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iCloud, Apple’s cloud storage and syncing service, now has in excess of 300 million users, according to the firm's chief financial officer Peter Oppenheimer.
During the company’s second quarter 2013 results, it was revealed that over 50 million users had joined the service in the past three months – an increase of over 20 per cent.
The service, which was launched in October 2011, allows the storage and syncing of data such as songs purchased through iTunes, calendars and email across handheld Apple devices such as iPhones and iPads, as well as desktop PCs.
According to a recent report, iCloud is the dominant force in cloud storage with 27 per cent of the American market, outstripping other services such as Dropbox (17 per cent), Amazon Cloud Drive (15 per cent) and Google Drive (10 per cent).
iCloud replaced Apple’s pre-existing MobileMe service in 2012, which had been running in various forms, including iTools and .Mac since 2012. These offerings have their roots in the company’s eWorld service, which ran from June 1994 to March 1996 and integrated web-based email and bulletin board services.
Like other consumer oriented storage services, iCloud has found its way into the business market, but its use here is controversial.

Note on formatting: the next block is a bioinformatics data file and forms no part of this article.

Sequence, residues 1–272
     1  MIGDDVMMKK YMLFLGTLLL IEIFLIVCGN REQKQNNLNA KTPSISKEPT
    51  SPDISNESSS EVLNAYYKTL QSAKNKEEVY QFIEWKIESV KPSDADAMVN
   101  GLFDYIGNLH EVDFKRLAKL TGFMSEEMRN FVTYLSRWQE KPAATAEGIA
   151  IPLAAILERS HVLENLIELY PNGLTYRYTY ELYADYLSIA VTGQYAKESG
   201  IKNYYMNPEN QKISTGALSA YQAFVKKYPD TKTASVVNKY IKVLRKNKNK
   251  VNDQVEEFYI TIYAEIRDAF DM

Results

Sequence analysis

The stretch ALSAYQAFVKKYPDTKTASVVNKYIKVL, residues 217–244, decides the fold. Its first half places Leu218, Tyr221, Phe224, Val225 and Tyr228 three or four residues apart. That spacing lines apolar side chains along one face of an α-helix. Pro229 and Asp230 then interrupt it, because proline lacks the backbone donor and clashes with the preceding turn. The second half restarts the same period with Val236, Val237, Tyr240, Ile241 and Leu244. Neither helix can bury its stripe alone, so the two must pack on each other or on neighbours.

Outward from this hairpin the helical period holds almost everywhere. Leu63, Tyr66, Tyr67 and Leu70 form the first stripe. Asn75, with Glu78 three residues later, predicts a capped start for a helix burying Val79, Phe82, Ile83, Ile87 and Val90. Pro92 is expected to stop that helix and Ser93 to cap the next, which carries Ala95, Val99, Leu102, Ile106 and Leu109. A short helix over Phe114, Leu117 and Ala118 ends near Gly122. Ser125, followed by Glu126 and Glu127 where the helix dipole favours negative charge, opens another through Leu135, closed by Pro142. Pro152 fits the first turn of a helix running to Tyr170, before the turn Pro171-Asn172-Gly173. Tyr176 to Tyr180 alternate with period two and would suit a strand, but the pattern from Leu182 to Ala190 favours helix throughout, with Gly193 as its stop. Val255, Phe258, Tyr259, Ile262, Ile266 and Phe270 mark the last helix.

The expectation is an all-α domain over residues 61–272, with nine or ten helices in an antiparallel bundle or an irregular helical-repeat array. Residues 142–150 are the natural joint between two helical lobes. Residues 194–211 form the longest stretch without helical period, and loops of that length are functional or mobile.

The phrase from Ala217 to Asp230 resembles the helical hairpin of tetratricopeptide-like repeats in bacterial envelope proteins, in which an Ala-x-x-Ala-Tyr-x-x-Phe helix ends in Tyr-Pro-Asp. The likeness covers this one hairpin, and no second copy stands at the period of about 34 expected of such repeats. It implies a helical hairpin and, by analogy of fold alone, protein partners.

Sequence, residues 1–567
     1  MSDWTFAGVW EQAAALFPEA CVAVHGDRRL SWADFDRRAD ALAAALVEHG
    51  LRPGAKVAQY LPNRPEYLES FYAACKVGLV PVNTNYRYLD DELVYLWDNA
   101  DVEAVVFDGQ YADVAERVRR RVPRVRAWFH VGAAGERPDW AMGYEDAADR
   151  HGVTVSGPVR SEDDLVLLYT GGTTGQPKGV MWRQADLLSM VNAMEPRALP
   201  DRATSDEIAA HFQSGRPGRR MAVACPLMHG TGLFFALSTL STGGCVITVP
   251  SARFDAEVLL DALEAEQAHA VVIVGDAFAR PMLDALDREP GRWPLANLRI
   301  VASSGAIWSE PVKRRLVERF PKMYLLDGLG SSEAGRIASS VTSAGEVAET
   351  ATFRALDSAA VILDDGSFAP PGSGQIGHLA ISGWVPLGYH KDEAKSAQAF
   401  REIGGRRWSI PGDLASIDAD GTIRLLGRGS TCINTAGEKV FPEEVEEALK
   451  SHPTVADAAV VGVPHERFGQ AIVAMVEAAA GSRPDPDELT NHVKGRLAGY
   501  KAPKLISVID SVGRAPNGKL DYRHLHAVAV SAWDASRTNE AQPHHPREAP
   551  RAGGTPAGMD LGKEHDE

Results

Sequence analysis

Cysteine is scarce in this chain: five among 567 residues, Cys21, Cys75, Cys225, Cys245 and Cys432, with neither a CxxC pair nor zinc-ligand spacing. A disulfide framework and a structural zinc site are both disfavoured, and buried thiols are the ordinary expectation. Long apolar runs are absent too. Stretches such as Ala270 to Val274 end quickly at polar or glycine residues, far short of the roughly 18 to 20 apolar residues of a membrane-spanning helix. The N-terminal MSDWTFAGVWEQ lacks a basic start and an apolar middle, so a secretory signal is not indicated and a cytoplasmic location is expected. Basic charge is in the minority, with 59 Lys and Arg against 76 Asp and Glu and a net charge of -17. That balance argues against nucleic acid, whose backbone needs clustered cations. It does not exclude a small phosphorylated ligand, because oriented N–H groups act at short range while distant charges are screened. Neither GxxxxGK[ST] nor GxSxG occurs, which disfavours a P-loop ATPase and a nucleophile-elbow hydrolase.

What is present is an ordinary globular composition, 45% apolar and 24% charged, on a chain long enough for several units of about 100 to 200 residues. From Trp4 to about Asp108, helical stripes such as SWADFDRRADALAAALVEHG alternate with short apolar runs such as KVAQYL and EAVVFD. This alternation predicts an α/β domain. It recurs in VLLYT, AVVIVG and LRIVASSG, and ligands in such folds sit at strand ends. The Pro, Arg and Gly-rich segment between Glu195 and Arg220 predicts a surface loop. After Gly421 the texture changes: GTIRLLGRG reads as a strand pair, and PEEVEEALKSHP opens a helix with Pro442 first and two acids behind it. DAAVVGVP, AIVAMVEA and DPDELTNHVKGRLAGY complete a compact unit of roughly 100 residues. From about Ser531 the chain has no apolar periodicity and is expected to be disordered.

While Apple has introduced security measures such as two factor authentication to try and make its security more robust, it still suffers lapses.
The company’s iForgot service, which allows iCloud, iTunes and App Store users to reset forgotten passwords, was found to contain a loophole that allowed hackers to hijack accounts which had not implemented the two step sign in.
As such, concerns over security have led to it being banned in some large companies, such as IBM which disabled all public file transfer sites, including iCloud and Dropbox, as well as disabling Apple’s voice activated digital personal assistant, Siri.
iCloud was recently hit by an outage that also affected iTunes and left some users unable to access their accounts for several hours. Twitter was also reported to be down for some users at the same time.
While this issue was resolved, neither Apple nor Twitter has disclosed the root cause of the problem.